This morning saw the pound fall to a 31-year low against the US dollar as markets reacted to speeches from the Conservative Party conference.
£1 now buys $1.27 dollars compared to $1.29 over three decades a go in June 1985. The lowest it’s ever been against the dollar is $1.05, in March 1985.
The pound was also down this morning against the euro, falling by 0.3% compared to yesterday, to €1.14.
The main drivers for the falls appear to be Chancellor Phillip Hammond’s statement that the UK economy would be a “rollercoaster ride” in the coming years, and Prime Minister Theresa May’s speech where she announced that Article 50, the clause that will set Brexit rolling, would be activated by the end of March 2017.
The currency markets appear to be unsatisfied with the lack of real detail on Brexit, which it was hoped the conference would provide. The news that the single market won’t be the focus of Brexit negotiations has just added fuel to the fire and turned the pound into something people want to sell, quickly.
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The flipside of today’s news is that the FTSE 100 has pushed past 7,000 (currently it’s at 7,068) for the first time since May 2015.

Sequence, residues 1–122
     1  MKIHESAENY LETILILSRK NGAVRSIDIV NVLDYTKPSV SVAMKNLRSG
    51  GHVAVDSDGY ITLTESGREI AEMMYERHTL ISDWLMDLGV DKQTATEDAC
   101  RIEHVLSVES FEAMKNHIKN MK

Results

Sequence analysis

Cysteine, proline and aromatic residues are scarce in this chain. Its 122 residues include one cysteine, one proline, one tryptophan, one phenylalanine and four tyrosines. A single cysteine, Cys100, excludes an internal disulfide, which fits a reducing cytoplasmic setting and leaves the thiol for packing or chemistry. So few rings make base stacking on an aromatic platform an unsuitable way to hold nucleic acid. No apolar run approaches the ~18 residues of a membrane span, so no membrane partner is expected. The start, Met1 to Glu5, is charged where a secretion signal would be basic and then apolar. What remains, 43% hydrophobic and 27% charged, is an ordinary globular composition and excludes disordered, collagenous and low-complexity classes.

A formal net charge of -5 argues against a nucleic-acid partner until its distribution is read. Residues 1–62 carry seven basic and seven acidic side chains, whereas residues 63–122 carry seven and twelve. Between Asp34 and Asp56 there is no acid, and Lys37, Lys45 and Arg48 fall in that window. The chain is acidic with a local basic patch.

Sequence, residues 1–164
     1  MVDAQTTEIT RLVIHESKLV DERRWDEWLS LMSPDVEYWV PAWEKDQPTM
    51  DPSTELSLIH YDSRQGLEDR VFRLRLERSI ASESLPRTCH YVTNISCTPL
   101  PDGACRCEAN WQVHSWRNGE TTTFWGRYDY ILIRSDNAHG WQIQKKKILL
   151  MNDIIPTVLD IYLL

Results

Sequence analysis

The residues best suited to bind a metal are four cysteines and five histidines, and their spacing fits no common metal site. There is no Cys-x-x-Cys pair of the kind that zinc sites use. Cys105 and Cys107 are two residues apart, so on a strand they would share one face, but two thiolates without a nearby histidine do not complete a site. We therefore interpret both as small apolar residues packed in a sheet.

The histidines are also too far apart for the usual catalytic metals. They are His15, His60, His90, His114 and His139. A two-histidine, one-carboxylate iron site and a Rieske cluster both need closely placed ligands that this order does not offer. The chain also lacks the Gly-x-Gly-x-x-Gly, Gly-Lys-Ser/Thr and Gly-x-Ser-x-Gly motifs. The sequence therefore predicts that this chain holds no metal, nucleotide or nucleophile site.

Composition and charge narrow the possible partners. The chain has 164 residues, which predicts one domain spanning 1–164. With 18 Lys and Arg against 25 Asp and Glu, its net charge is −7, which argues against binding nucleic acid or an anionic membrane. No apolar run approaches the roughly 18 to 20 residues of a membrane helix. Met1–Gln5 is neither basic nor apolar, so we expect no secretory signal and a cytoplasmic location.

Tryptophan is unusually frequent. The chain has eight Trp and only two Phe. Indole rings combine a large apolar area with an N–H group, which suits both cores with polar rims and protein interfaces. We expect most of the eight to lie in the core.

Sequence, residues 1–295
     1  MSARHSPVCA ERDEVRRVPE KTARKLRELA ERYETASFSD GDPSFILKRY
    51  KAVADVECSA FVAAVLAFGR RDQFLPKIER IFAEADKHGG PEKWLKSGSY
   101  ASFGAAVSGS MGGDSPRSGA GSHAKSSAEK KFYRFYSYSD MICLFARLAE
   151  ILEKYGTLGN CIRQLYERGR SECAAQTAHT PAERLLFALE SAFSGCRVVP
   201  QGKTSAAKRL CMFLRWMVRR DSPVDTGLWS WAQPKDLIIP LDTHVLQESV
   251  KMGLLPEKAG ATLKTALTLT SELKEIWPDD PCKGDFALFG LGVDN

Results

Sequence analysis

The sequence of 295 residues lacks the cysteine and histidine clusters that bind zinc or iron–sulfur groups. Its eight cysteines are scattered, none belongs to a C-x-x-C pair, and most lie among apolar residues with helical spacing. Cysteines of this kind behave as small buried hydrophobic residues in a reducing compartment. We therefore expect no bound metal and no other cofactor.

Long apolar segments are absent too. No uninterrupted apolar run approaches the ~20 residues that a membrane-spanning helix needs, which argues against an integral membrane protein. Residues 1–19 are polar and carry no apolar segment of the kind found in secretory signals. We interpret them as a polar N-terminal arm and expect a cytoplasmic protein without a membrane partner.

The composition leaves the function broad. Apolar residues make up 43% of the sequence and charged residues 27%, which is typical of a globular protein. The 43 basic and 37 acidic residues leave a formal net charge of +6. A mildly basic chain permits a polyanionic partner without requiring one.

Shares have been aided by the pound sell-off, as many companies listed on the UK’s premier index earn profits abroad, and therefore make more money when buying pounds with these earnings. Its highest-ever intra-day level is 7122.74, on 27 April 2015.
The FTSE 250 meanwhile, which consists of the 101 to 350 biggest UK-listed companies, has hit a new record high this morning of 18,409 points. This is down to the same reasons as those driving its bigger brother - its six biggest risers so far this year are all based overseas.
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Tom Stevenson, director of personal investing for Fidelity International, says: “This is obviously good news for UK investors and no-one would complain about the market finally moving decisively on from its 1999 dot.com bubble peak.
“But it should be remembered that the main reason shares are rising today is the remarkable slide in the pound to its lowest level since 1985. It’s good for UK exporters and overseas earners but for foreign stock market investors it takes the edge off the latest gains.”